We only had half a day, which went by in the blink of an eye, but I think that we ran into many of the typical subjects.
There certainly is stuff that is hard to get even in the simple world of TDD. We met some speed bumps when we crossed the following:
Problem 1: Lambda expressions.
I have opted for our group to go for Moq as the isolation framework of choice. This is because of the crisp syntax and a lot of sense and intellisense. The most noted objection against Moq is that it makes heavy use of Lambda expressions and therefore is only available in the .NET 3.5. However, that is no concern for us.
We had some MFC programmers in the workshop. Even seasoned and capable programmers are visibly in pain when they try to wrap their heads around Lambda expressions. I wanted to showcase the evolution of bamed method -> Anonymous method -> Lambda, but I messed up the syntax for anonymous method and we were too pressed for time to google it.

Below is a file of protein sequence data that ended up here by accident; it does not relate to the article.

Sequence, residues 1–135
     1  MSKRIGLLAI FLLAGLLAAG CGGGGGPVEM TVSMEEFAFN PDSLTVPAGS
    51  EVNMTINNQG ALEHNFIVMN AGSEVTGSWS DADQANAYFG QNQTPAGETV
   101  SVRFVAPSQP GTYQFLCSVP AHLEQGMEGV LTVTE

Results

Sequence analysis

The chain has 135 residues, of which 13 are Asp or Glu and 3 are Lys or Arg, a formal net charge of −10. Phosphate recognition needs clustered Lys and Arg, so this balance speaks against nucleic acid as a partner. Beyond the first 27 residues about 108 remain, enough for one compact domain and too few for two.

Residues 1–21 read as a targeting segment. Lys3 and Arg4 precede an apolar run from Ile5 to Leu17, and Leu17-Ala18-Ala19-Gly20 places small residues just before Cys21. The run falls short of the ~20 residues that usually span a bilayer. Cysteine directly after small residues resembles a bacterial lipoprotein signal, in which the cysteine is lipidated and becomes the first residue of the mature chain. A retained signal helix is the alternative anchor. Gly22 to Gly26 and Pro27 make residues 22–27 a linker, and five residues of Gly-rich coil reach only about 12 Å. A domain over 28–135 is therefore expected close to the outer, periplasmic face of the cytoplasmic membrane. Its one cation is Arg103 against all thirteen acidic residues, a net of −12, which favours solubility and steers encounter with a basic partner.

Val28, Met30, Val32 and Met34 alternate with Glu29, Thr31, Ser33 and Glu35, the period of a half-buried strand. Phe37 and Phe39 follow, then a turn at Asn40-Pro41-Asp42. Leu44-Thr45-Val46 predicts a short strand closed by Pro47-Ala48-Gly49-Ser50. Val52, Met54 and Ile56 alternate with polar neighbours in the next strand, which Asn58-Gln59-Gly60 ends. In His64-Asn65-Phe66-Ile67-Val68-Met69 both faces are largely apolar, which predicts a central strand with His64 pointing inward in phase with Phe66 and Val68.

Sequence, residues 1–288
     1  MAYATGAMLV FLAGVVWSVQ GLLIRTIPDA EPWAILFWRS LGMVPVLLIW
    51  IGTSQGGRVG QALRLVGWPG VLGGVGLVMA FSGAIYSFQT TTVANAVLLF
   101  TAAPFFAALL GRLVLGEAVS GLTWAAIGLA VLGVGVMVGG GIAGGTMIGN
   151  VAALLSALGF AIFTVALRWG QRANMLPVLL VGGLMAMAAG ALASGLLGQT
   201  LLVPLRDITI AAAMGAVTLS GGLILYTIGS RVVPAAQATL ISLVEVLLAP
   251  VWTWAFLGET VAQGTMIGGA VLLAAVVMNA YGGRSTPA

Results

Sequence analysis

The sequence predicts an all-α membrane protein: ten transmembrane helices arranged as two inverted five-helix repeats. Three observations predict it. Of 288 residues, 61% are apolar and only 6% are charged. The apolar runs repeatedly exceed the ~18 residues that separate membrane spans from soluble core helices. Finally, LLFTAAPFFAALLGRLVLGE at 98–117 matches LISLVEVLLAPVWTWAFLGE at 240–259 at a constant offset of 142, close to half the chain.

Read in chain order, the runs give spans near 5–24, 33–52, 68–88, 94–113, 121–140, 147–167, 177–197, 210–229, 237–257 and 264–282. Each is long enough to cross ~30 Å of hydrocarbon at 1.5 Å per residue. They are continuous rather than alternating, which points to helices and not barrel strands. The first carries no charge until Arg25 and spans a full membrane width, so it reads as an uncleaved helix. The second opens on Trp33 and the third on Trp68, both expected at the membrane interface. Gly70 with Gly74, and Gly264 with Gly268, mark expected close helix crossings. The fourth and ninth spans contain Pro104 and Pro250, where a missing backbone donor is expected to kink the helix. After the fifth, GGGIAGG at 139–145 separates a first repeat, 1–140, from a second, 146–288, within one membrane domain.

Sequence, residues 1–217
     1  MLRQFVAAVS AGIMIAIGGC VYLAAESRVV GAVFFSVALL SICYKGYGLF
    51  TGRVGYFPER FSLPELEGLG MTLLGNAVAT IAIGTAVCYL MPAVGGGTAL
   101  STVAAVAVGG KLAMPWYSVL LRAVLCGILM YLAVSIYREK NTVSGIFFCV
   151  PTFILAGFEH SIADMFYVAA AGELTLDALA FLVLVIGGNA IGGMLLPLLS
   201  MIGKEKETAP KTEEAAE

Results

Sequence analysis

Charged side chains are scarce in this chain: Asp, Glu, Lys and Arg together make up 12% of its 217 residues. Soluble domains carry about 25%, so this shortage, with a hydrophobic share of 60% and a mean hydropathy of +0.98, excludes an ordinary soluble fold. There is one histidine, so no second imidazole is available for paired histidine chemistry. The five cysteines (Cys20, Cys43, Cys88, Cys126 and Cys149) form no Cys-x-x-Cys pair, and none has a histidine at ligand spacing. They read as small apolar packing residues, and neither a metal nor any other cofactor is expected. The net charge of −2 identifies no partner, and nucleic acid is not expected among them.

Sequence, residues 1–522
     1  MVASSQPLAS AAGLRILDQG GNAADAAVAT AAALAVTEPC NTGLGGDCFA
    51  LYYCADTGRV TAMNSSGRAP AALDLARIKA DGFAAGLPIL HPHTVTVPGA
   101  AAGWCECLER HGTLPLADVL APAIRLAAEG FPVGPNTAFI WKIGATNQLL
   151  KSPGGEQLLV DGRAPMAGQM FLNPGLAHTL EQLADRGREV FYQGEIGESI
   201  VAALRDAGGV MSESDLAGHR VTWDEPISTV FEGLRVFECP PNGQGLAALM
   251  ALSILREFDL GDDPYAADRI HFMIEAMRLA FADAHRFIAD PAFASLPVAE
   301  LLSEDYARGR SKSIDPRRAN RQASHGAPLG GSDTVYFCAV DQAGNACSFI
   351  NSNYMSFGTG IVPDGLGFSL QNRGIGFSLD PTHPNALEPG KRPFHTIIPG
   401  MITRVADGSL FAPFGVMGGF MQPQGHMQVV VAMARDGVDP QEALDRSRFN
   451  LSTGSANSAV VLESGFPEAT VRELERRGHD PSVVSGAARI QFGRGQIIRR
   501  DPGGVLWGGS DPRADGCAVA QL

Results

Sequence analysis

Problem 2: "As simply as possible".
However simple as it may sound, this rule is all but simple if you start going down the road creating the wrong kind of simplicity. The TDD dogmatic anecdote is that you shall make a test pass in a manner that is as simple as possible.
This is to make sure that the unit tests enforce the functionality of the production code and that the tests truly drive the development process.
Just a week ago, I was attending TDD Masters class by Roy Osherove. I think that I grocked the concept of simplicity on the second day.
In my dependency use case, the first MMF is to make the controller start the FAN if the THERMOMETER shows a higher temperature than the desired temperature which you have set against the API of the HVAC controller instance.
Now, what exactly does simplicity mean? What should be the first test?